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Our Location:

32 Race Course Road,
Singapore- 218552
(2 minutes from Little India
MRT Exit E)

Contact Details:

Tel: +65 62978422
Fax: +65 62979667


Sunday to Friday:
Lunch: 11:30am to 3:00pm
Dinner: 6:00pm to 10:45pm

Lunch: 11:30am to 4:00pm
Dinner: 6:00pm to 10:45pm



The Sunday Times

The mix of textures and flavours easily puts a smile on your face.

By: Wong Ah Yoke (22 January 2006)

NOT having been invited into a Bengali home before, I have not had the opportunity to taste the cuisine of the north-eastern Indian state of Bengal. That changed last week when I discovered Mustard, one of the latest restaurants to open in Race Course Road. A modest establishment tucked in the midst of a row of Indian restaurants, it claims to be the first here to serve Bengali dishes. The rest of its menu features Punjabi fare, which is more familiar to non-Indians as the cuisine found in many north Indian restaurants here. This comprises mainly poultry and flour-based dishes such as tandoori chicken and naan. Cooking from Bengal, on the other hand, is characterised by a lot of seafood and rice-based dishes. What ties the two together, says first-time restaurateur Radhika Abbi, is that mustard seeds and mustard oil are used widely in the cooking. That is why she named her restaurant, which opened last month, Mustard. The menu does not highlight the Bengali dishes, but ask the waiter when he comes over to take your order and he readily points them out. And if you happen to order one on your own, he says enthusiastically: 'That's a Bengali speciality.' Encouraged by his prompting, I pick out some which turn out wonderful. There is the prawn in green coconut ($17.90), which is a fragrant curry served inside a fresh coconut. The shelled prawns are a trifle small, but the gravy is delicious. 'Scrape off the meat from the coconut to eat with the gravy,' the waiter urges. It is an excellent idea, as the smooth and soft slices of coconut make the flavour even more fragrant. I am equally happy with my starter of fried fish ($6.90), which are golden squares of fish fillet that are coated with bread crumbs and deep-fried. In the hands of a less skilled chef, they could easily have turned out dry and stringy instead of being smooth on the inside and crispy on the outside, as these are. The Punjabi dishes are equally good. The chicken kabab ($10.90) is grilled perfectly, with the tender meat coated in an intriguing spicy marinade. A vegetarian appetiser called hingerkochuri ($4.90) is worth dreaming about. It is simple fried white flour bread made in the shape of a pocket, but it is so light it melts in the mouth. Stuff one with a spoonful of accompanying lentils and pop it in your mouth. The mix of textures and flavours easily puts a smile on your face. What does not impress much is the cottage cheese simmered in spinach puree ($9.90). It is not bad, just ordinary. I have had better. Still, the overall impression is good. The restaurant deserves to be a hit and I won't be surprised if it blazes a trail for other Bengali restaurants here.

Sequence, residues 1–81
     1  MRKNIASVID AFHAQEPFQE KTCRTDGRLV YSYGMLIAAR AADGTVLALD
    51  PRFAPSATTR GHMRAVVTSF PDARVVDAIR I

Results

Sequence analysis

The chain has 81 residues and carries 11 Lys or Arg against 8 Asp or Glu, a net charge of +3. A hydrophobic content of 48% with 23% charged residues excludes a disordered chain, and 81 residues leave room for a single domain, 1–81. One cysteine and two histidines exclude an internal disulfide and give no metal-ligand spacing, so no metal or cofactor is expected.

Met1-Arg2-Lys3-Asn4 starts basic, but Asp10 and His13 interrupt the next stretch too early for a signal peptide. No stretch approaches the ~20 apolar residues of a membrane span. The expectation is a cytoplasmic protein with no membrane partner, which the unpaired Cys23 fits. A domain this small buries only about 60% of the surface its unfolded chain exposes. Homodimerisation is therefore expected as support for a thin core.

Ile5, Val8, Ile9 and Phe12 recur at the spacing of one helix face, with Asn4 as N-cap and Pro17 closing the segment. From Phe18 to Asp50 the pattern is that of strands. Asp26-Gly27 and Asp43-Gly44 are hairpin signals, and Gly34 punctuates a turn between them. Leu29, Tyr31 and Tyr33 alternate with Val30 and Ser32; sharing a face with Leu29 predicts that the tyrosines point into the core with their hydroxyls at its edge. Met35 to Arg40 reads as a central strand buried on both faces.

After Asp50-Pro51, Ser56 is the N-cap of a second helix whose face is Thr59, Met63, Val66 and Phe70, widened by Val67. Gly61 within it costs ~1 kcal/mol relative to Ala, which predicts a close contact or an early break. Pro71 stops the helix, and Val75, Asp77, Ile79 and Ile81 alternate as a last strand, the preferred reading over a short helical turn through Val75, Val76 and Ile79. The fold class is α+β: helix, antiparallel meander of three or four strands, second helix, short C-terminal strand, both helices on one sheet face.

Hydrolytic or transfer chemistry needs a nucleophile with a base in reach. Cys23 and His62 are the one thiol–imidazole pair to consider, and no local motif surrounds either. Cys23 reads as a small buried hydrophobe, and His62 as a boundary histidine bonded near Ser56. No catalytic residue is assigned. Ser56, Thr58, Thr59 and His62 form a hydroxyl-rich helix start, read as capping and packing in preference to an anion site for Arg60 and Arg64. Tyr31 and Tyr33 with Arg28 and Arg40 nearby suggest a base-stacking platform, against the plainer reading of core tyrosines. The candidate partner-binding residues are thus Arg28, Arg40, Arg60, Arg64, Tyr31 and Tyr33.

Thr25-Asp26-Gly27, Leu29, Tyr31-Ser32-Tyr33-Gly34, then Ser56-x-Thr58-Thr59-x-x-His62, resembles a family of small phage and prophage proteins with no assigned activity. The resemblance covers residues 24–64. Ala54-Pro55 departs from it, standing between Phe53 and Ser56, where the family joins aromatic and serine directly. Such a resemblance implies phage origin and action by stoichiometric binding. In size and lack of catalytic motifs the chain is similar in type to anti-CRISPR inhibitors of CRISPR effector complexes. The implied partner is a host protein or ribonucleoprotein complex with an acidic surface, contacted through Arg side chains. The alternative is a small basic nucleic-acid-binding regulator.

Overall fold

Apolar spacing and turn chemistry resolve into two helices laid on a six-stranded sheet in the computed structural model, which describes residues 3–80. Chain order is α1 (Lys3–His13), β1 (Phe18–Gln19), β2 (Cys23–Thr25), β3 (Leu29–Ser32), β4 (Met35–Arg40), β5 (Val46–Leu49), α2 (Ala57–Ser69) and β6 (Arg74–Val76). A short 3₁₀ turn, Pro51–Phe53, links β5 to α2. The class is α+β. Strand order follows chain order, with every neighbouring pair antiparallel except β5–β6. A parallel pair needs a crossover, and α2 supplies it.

32 Race Course Road
Tel: 6297-8422
Opening hours: 11.30am to 3pm, 6.30 to 10.30pm. Closed on Mondays unless it is a public holiday
Price: Budget slightly more than $30 per head

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